Today was my first mammogram, now I can say I understand what the 'flat as a pancake' term refers to. Seriously, how can a breast get that flat, and the position that you hang to for dear life is insane. So to all women God Bless you, I now have joined the club.

As I sat in the cafeteria area trying to enjoy my very hot Chai Latte before heading off to test three I suddenly realized how loud it was. I have always been a people watcher too, so between listening and watching I felt slightly over stimulated and finally got up to leave. I would catch snippets of conversation as people went by, one young woman was apparently very unhappy with someone. Reminded me of high school the way she was complaining. You know 'can you believe Suzie had the nerve to ask Johnny out when I just broke up with him last week' that kind of stupid conversation.  People from all walks of life, people who look confused, people who look tired, and people who walk so fast you wonder what kind of urgency they are attending too. Mostly I can say I noticed a lot of people carrying coffee or the like.

Tomorrow is blood gas and 6-minute walk, not too bad just be glad when they are over. 

Now I think I will go ride my bike to no where and watch a little TV.

Monday, February 14, 2011

Today will be the first post in what I hope to be many days ahead. I chose the quote from Kalidasa as a way to acknowledge the importance and beauty of each day. Every day is a gift.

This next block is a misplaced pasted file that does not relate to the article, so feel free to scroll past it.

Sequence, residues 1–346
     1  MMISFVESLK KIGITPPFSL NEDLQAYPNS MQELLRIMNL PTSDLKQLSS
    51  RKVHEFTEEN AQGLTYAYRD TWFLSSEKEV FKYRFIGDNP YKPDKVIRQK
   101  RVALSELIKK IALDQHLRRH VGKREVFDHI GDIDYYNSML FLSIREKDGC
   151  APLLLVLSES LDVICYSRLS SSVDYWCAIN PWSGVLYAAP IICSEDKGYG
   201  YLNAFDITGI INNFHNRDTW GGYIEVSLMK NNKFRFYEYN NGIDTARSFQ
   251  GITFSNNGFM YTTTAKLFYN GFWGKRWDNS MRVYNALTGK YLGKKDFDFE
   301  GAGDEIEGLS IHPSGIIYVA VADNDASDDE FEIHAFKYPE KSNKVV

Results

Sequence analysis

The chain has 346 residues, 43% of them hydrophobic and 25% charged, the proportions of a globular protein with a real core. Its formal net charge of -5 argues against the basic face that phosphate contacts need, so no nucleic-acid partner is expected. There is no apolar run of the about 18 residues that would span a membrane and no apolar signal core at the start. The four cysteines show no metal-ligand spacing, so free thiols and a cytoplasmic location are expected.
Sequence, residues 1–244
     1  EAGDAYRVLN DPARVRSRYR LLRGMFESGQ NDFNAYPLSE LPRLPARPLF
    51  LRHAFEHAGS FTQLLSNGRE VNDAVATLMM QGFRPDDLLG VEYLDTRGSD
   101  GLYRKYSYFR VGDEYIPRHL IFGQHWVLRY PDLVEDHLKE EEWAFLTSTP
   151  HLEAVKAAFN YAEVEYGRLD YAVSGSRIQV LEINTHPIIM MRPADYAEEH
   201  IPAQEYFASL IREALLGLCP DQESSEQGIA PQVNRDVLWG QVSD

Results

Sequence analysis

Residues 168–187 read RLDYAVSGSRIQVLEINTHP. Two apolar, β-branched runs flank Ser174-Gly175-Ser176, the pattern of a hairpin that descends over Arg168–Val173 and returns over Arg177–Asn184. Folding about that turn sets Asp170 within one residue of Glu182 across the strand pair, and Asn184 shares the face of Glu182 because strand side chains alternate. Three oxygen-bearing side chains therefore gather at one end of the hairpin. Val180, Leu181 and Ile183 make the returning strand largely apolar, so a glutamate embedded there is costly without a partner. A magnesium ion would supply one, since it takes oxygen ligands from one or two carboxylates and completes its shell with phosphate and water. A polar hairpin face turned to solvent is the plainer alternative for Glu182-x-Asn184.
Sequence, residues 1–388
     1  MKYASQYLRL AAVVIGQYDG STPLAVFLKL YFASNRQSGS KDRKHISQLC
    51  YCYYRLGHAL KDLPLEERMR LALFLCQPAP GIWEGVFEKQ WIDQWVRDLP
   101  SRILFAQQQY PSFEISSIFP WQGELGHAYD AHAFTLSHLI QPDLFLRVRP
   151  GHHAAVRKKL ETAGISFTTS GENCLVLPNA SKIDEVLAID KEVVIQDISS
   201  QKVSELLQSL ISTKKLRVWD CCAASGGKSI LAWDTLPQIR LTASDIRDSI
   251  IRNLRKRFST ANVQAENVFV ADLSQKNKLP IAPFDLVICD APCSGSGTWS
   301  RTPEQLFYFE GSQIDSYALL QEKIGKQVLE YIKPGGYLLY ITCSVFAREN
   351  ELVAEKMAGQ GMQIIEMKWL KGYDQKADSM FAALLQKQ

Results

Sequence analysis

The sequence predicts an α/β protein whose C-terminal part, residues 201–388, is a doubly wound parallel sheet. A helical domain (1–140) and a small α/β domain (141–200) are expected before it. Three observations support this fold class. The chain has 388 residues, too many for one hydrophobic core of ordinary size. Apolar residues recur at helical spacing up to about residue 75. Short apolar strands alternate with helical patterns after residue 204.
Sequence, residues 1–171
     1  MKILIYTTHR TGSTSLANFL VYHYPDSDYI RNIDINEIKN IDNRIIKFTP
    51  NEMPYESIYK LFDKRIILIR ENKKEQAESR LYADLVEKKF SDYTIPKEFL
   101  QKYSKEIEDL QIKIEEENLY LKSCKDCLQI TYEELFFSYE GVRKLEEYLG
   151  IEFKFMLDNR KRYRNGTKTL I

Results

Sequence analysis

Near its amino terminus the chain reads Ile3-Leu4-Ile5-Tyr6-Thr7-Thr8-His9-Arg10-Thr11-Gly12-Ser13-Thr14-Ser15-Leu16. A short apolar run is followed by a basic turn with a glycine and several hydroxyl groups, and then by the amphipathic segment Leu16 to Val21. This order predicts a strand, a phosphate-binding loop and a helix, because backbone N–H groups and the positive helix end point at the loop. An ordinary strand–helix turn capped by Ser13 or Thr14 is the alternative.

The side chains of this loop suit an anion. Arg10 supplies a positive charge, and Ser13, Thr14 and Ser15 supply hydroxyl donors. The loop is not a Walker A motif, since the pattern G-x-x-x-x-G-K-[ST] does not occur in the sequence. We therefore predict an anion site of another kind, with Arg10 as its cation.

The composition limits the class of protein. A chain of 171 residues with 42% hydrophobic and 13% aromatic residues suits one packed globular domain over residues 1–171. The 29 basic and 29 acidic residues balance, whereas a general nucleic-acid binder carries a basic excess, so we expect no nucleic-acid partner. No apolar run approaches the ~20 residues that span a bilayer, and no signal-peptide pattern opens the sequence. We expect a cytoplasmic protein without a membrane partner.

I have started this blog as a journal of the journey I am about to begin. I suppose you could say this journey began when I was 18 months old and was diagnosed with Cystic Fibrosis. At that time life expectancy was 18 years old, today it is 37. But as we all know those are statistics and although they make us all feel better the reality is all we have is today.

My lungs of 33 years have finally had enough of the constant bacteria and junk waging a war in there and are 'tired'. Thus, I am tired too.

The journey that I am about to embark on, is the journey toward double lung transplant. It isn't for everyone, and probably the most mentally and physically taxing event of my life.

Today I began my first round of tests for transplant evaluation. Started off with 15 vials of blood, that seems pretty reasonable. Tomorrow will be day two, and no needles involved - I'll take that.

On a side note with an oxygen tube stuck to my face 24/7, I am now the person that other people stare at or feel sad for. I used to look at people like that too, well frankly, still do. Guess I look at other people and think how awful for them what they must be going through. Even though I know what I am going through I feel compassion for other people as though I have had a smooth ride my whole life. Guess I have always believed, thanks to my Dad, that there is always someone worse off. So even at one of my lowest points I realize that there are people who are struggling more than me.

May you learn to appreciate every dawn as a chance for happiness, a true gift.